Muscle imbalances are one of the leading problems related to shoulder pain. Quite often patients come into our Layton physical therapy office with shoulder pain related issues. We have found dry needling therapy for shoulder pain to be an effective treatment method. Identifying what is behind the shoulder pain allows our experts to create long-term treatments that will allow patients to find relief.
What Causes Shoulder Pain?
Shoulder pain is common in the U.S. as we see patients come in with long-term shoulder pain quite often. Unfortunately we find that over 67% of patients will experience some type of shoulder pain throughout their lifetime. Pain caused from an accident, pain caused by improper posture, pain caused just by sleeping the wrong way can all be related to your problems with muscle aches. The shoulder is one area in the body that is connected to several other areas. The shoulder moves freely in several different directions. The mobility of the shoulder is what does leave it vulnerable to pain. Wear and tear from everyday use is one of the leading factors causing shoulder pain.
Dry Needling for Shoulder Pain
Imbalance of the muscles is one of the most common causes of limited mobility of the shoulder. We refer to pain of this type as “functional shoulder pain.” When you have inefficient shoulder function, it is easy to have muscles around the shoulder start hurting. The shoulder muscles can become overactive and can begin cramping. Other muscles then become inhibited and weaker. Having the imbalance of muscle function will cause trigger points to develop. We then use dry needling treatment to target the trigger points, which causes them to be stimulated and eventually release, letting go of the tension and pain. The imbalance of muscle function will place more stress on the shoulder joints, back, and neck.
What Does Shoulder Pain Feel Like?
Limited mobility and a dull ache are the two most common symptoms of shoulder pain. Painful knots around the shoulder and the shoulder blade are other common symptoms. While resting the shoulder can decrease pain, it is not always a treatment that is doable with today’s busy world. As soon as a patient gets into their normal activities, they often see the pain return. Prolonged muscle pain can lead to degenerative joint pain and postural changes.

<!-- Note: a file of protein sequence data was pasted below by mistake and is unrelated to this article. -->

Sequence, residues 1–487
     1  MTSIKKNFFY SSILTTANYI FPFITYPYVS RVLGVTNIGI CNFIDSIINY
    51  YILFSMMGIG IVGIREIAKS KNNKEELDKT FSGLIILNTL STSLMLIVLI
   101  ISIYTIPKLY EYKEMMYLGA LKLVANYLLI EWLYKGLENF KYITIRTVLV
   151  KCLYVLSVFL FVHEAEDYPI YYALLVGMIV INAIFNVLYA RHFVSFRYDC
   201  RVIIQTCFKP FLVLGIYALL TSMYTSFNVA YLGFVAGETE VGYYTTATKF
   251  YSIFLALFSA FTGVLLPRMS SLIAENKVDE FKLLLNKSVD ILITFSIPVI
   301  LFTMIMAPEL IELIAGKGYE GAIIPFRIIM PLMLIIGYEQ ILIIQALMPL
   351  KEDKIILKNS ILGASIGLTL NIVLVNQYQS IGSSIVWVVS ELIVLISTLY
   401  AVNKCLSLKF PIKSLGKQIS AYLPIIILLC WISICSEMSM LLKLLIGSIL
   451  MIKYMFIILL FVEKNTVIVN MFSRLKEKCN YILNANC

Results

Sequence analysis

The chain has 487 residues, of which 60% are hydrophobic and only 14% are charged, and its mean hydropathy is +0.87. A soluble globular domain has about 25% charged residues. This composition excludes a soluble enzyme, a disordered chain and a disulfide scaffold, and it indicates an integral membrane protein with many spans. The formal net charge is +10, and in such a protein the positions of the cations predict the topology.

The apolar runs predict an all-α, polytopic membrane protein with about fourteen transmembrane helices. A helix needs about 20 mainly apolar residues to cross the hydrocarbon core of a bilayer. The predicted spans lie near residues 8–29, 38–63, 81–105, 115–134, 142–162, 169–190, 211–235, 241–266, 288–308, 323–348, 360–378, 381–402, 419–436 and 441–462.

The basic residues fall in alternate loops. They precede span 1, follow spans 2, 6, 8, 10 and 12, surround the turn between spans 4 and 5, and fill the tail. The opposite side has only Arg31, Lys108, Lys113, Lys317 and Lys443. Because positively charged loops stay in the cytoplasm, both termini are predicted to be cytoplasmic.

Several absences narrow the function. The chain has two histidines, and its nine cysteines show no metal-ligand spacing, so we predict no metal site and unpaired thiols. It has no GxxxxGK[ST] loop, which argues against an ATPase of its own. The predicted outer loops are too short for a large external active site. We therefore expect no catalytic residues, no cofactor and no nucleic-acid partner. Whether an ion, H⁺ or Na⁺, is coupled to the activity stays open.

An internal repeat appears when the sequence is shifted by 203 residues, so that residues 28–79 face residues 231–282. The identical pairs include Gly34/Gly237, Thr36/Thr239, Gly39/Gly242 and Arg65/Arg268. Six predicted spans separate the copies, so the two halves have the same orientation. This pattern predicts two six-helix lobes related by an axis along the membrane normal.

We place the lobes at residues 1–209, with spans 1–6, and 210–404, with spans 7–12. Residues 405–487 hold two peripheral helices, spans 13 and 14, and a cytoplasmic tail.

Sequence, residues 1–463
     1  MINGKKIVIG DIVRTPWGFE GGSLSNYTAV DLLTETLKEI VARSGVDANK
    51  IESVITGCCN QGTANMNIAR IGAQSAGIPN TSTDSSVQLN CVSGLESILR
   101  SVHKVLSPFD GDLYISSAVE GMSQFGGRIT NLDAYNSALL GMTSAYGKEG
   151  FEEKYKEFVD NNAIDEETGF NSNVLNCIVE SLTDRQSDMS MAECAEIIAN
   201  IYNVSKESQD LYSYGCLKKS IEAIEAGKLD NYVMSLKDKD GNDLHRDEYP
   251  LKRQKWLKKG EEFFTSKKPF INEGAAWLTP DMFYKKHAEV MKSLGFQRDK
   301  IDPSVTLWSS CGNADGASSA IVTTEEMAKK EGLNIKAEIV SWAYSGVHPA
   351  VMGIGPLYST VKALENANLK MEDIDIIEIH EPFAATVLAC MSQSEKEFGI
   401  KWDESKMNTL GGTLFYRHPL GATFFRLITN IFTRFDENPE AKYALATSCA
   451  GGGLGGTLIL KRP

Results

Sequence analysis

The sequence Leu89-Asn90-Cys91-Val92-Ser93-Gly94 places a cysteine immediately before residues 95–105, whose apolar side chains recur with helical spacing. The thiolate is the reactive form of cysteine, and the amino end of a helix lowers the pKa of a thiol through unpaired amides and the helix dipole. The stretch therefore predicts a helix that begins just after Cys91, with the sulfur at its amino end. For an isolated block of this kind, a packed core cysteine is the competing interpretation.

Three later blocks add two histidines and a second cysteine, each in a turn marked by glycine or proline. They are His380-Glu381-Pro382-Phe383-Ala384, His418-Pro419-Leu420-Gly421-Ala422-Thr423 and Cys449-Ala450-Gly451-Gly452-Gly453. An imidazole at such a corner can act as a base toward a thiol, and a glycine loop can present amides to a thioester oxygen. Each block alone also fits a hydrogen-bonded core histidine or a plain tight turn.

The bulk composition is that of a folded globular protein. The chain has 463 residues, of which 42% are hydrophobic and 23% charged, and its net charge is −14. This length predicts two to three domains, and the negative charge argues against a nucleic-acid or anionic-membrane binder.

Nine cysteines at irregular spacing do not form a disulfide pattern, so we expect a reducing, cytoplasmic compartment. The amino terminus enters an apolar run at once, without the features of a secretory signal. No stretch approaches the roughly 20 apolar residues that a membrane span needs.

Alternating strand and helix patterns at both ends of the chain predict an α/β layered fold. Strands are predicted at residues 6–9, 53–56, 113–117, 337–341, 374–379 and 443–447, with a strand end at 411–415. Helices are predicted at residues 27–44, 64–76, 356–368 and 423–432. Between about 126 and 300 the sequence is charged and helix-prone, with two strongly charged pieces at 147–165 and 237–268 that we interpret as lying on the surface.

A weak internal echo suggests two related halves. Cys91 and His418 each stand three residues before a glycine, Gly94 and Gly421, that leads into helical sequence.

How Dry Needling Treatment Works
Using a small filament needle, we gently insert it into the trigger point. The goal is to cause the trigger point to be stimulated to allow the myofascial trigger point to release. Producing this twitch from the knot will result in relaxation of the shoulder muscle pain. Patients will be able to find relief from pain and an increase in mobility of the shoulder. Using additional treatments, we are able to help patients find a way to receive long-term results and improve their overall shoulder mobility and function. To learn more about dry needling therapy for shoulder pain, or to schedule a consultation with our experts, contact our physical therapy office in Layton or Mountain Green today!
At least 85% of the population will suffer from some sort of neck pain during their lifetime. When you are dealing with neck pain, the muscles can be sore to the touch, and it is common to have limited mobility and consistent pain throughout the day. Failure to treat neck pain can lead to pain in other areas of the body. Quite often hard knots will form, which can lead to additional pain that is consistent. Using dry needling, we can target these knots, which are called trigger points, and reduce the pain while improving mobility.
Neck Pain and Dry Needling
Dry needling is a treatment used to stimulate a trigger point. A small filament needle is gently inserted into the trigger point, helping the tight muscle bands to relax. If you have ongoing neck pain and limited mobility as a result, dry needling for patients with neck pain has been found to be an effective treatment.
Researching Dry Needling
Several research studies have been conducted pertaining to dry needling and it’s ability to provide long-term relief for muscle pain. Several studies have shown that patients who receive dry needling see an immediate decrease in pain, and within a week after their appointment, more than 65% of participants reported no pain. Dry needling does relax the tight muscles, allowing patients that ability to bend their heads forward and backwards, while also turning side to side without painful stretching of the neck muscles.
Dry Needling Appointments
Our clients often find that dry needling is one of the best treatment methods to help decrease pain and improve motion. Combining dry needling with other treatments and at-home therapy, we find that patients are able to manage their neck pain effectively. Our goal is to help our patients see improvements in their overall health, allowing you to perform your day-to-day functions without pain and limitation.
What’s Behind Your Pain?
If you are suffering from neck pain, you need to look at your lifestyle habits that could be leading to neck pain. Quite often we see patients in our Mountain Green and Layton physical therapy offices dealing with poor posture. In today’s world, people are sitting in front of computers for 10-12 hours a day, in a position of bad posture.
If you are dealing with long hours of repetitive movement, you can quickly see problems arise with your neck, shoulders, and back. If you aren’t sure what is causing you to have neck pain, contact our physical therapy office to schedule a consultation. Our experts will work with you to evaluate lifestyle factors that could be behind your problem. We often find patients deal with a number of issues that cause pain throughout the body including:
- Poor Posture
- No Exercise
- Spine Degeneration
- Muscle Imbalance
- Mis-aligned spine
- Whiplash (injuries sustained in an auto crash)
- Muscle strain related to sports or motion activity
- Improper sleep
Identifying the source of your pain will make finding an effective treatment easier. If you are tired of chronic neck pain, contact our office to discuss dry needling for neck pain, and find out how it will get you back to the game of life!